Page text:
Should fear be our navigator?

What exactly do we seek when we say we want peace? What do we mean when we say we want equality and an end to intolerance? Knowing what we actually wish to achieve is very important before we can actually can truly make it into a reality. So does peace mean an end to disagreements?  Does equality and an end to intolerance mean that everyone becomes the same? That is the way some see it. But in my mind, it is really not that simple.

To me peace means doing our best to resolve differences without resorting to violence. The thought of violence should be an ultimate last resort, and then only if every other alternative has been explored to the fullest. Unfortunately, it is unrealistic to assume that some will simply avoid violence just because we choose non-violent solutions. Unreasonable people who believe only in violence as an answer will not change just because we wish them to. So then the choice for us is to let them roll over us and have their way, or to stand up for our beliefs. While ultimately violence in defense is still violence, sometimes it is either that or have our ideals destroyed completely. But that is still only a last resort. So under the rarest circumstances, peace may require war.

If women are second citizens, why is she the ultimate symbole of a just world?
If women are second class citizens, why is she the ultimate symbol of a just world?

By the same token, equality does not mean everyone is the same. That is plain and simply not true. One just needs to look at the world around us to realize that everyone is unique, while at the same time sharing much in common. The concept of equality is to ensure that just laws are blind to who we are; that they apply to all people in a society equally. Similarly, tolerance does not mean we all become the same, but that we learn to accept each other despite our differences.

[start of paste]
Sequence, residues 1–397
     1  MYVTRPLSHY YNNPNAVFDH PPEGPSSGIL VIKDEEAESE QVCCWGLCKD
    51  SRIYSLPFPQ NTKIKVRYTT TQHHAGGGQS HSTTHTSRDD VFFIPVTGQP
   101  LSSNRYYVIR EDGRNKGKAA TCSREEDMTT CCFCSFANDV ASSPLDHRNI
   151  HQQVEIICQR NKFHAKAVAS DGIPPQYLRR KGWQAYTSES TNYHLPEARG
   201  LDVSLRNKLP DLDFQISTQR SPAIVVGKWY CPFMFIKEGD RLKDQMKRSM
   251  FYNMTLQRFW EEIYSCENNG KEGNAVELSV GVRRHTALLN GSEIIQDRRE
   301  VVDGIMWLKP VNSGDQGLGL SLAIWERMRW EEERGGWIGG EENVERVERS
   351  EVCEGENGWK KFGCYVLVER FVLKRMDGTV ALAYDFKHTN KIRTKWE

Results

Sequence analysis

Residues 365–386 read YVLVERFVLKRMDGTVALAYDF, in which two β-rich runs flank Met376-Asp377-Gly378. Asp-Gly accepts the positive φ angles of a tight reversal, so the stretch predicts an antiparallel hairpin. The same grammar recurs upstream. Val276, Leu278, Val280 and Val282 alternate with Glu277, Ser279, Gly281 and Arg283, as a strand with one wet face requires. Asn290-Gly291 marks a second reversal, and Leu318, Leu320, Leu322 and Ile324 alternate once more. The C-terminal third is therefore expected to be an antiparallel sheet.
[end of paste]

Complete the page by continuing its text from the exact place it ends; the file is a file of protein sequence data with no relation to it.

So one of the keys for changing humanity for the better is to set our priorities correctly. That means we need to base our decisions on the world we live in now. We have to use what is before us, around us; use the our own experiences to determine what is right and wrong; to make our moral decisions. Books written thousands of years ago can no longer be our sole guide, because much of what exists today was not even in the realm of imagination then. This also applies to legal documents written in a different world. This does not mean that there are is not much wisdom to be found in these documents, but that they do not cover all possible situations.

True morality will be able to shift with the times while still maintaining its core. But if the strength of the lesson is so unbending that it requires that we ignore thousands of years of history and ultimately regress socially … I question the value of the lesson. The value of life is something that we can agree on no matter the times and technological level of a society. Thou shall not kill is a rule that is agreed on by all and stands up to the test of time. But such concepts of gender inequality do not. For instance, the idea that rape is somehow acceptable may once have been true, but it has been many long decades since this was considered a truly viable belief in modern cultures. Yet those driven by unbending ancient documents as their moral guide will not actually accept such a simple concept. Two thousand years ago woman were second class citizens, and what happened to them was not really an issue. Therefore that must be true today. There is NO way society can change in a few thousand years. It’s not like our own lives change in mere decades.

We need to start living in the world we are in now, and not continue living in a very idealized past that is actually becoming more legend than truth the further we get away from it. And we can not selectively choose what lessons we carry forward, while ignoring the ones that don’t work for our desires. If an ideal cannot stand up to the test of time on its own merits, then it seems more likely to me that it is a false ideal. So why do we insist on keeping those ideals that have proven false despite the evidence that they do not stand?

The simple answer is fear. Fear of change. Fear of difference. Fear of the unknown, and stepping into the future.

Do we really want fear to guide how we mold our future?